Bible Truth Examiner


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Scriptures are cited from the King James (Authorized) Version, unless stated otherwise.

A second form of agnosticism has been advocated by Herbert Spencer whose view of agnosticism may be summed up by his own statement: “The Power that the universe manifests to us is utterly inscrutable.” Although Mr. Spencer agrees that man needs religion, he denies personality to this Power. This would mean that because God is the First Cause, the Infinite, and the Absolute, He cannot be known.

If, when Mr. Spencer speaks of God as inscrutable, he means that we cannot fully comprehend God, we can agree with him. But he denies that we know or can know anything of this Great Power, except that It is the First Cause and is infinite and absolute. Mr. Spencer’s error is his two distinct propositions: (1) we do not and cannot know all about God; and (2) we do not know and cannot know anything about God. The first is true and the second is false and is not to be allowed to be substituted for the first, as Mr. Spencer does.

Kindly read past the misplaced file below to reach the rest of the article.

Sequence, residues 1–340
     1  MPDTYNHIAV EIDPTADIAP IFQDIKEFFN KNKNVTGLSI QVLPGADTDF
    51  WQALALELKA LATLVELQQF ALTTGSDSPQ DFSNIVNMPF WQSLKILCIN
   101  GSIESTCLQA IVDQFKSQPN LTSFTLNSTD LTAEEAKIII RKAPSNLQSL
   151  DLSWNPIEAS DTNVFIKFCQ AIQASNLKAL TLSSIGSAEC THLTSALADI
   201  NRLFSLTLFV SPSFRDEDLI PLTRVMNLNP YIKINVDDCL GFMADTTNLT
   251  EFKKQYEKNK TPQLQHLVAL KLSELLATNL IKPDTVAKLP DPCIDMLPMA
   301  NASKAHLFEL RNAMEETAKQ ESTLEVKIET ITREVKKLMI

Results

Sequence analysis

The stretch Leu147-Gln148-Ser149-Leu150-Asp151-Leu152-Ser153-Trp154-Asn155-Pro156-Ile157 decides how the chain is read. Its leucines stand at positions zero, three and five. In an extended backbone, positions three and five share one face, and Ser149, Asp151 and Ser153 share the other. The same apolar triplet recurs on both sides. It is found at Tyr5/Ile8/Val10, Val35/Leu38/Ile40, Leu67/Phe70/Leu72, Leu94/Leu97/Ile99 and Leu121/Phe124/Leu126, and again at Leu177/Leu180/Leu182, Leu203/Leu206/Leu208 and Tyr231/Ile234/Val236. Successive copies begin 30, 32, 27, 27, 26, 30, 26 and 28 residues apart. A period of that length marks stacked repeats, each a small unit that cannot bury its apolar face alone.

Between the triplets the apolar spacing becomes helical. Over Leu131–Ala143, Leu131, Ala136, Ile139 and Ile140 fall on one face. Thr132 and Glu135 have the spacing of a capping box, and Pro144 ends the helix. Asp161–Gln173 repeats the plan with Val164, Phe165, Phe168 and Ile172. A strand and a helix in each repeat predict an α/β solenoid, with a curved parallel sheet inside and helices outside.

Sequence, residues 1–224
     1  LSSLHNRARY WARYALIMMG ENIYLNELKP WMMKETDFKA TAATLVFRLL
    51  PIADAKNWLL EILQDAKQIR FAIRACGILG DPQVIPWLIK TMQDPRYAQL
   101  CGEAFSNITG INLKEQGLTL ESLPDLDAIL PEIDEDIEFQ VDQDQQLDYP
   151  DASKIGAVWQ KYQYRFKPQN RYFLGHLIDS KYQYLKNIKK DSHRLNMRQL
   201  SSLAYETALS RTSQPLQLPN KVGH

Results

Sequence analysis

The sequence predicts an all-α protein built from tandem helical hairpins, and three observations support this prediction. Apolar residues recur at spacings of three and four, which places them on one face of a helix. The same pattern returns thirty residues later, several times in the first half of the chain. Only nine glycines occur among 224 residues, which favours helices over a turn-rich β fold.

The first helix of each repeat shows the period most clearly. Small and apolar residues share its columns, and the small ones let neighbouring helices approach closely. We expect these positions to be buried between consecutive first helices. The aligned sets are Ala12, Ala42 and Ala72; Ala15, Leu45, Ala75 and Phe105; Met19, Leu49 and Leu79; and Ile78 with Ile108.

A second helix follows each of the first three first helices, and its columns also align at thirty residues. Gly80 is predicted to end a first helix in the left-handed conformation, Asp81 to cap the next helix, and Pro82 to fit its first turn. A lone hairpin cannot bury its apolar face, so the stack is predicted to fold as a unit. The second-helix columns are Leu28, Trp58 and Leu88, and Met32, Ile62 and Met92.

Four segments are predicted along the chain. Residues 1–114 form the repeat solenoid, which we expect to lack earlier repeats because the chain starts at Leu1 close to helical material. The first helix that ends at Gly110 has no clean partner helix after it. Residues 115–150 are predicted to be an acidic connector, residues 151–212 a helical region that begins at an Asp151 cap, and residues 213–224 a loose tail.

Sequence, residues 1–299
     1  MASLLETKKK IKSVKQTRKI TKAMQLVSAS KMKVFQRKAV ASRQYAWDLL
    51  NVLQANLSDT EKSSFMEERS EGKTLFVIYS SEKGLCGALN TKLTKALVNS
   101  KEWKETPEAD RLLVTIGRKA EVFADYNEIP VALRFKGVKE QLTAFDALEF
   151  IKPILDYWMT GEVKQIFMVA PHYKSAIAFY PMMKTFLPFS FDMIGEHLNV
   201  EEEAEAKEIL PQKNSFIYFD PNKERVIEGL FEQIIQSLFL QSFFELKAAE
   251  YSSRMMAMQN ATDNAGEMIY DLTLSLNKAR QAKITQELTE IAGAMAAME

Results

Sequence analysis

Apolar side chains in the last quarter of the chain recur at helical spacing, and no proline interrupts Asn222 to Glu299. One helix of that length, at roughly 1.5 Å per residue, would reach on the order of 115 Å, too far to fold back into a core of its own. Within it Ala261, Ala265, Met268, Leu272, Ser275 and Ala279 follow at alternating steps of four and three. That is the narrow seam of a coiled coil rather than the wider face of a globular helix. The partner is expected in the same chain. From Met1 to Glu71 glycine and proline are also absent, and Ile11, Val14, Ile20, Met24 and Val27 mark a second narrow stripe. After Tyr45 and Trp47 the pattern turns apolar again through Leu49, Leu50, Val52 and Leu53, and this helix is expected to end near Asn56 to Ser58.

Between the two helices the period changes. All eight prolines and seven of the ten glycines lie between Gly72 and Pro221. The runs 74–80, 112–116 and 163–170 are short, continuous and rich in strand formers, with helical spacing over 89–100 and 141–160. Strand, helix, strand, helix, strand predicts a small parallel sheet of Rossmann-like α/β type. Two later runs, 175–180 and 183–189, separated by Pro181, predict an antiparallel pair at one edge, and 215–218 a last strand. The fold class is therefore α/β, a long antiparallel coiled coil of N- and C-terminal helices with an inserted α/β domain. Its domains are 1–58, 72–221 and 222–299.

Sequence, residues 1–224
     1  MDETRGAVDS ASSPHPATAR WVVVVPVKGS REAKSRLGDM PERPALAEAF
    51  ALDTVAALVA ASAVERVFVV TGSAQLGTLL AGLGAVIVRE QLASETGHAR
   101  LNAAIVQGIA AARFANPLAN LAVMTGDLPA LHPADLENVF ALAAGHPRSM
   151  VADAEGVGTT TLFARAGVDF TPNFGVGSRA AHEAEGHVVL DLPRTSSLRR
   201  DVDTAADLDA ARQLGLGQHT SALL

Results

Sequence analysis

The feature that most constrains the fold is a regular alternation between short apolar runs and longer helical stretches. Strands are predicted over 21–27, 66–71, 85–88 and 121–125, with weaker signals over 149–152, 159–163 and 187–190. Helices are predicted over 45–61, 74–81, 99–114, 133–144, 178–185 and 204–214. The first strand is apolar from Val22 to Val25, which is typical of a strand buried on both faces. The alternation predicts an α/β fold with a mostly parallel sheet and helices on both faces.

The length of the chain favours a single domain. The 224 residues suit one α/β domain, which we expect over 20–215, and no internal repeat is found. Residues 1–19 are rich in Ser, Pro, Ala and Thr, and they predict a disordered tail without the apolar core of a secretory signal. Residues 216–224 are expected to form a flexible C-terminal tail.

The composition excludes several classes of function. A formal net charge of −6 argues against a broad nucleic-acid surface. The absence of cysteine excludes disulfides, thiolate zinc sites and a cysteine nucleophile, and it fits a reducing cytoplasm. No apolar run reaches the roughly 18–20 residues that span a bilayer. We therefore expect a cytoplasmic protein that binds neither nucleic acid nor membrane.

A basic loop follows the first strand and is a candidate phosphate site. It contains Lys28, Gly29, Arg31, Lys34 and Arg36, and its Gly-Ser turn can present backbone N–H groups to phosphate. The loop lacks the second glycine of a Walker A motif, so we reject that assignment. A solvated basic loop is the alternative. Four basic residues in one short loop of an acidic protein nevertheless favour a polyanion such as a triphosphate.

Jesus taught that God is a Spirit and gave much instruction regarding His attributes of being and character, and on His relation to mankind and the world. Mr. Spencer’s form of agnosticism denies very much of God as set forth in Scripture and denies very much that we learn of Him in nature (Romans 1: 20) (Psalm 19: 1). Neither our reason, nor nature, nor experience, nor the Bible, limits our knowledge of Him.

It is a law of our thinking to attribute personality to anything that shows intelligence and design. When we see intelligence and design, our minds naturally cause us to ascribe personality as being the source of that intelligence and design. Hence only those thinkers who deny intelligence and design in the world can escape attributing personality to their source.

We have examined the theories of the two main agnostics and have found their theories untenable. There is another form of agnosticism that denies that we can be sure of anything and that affirms that nothing can be known. But these theories are self-refutative, for if we cannot be sure of anything, we cannot be sure of the certainty of this theory. The fundamental thoughts of agnosticism when analyzed are quite inconsistent, illogical, fruitless, and negative.

(to be continued)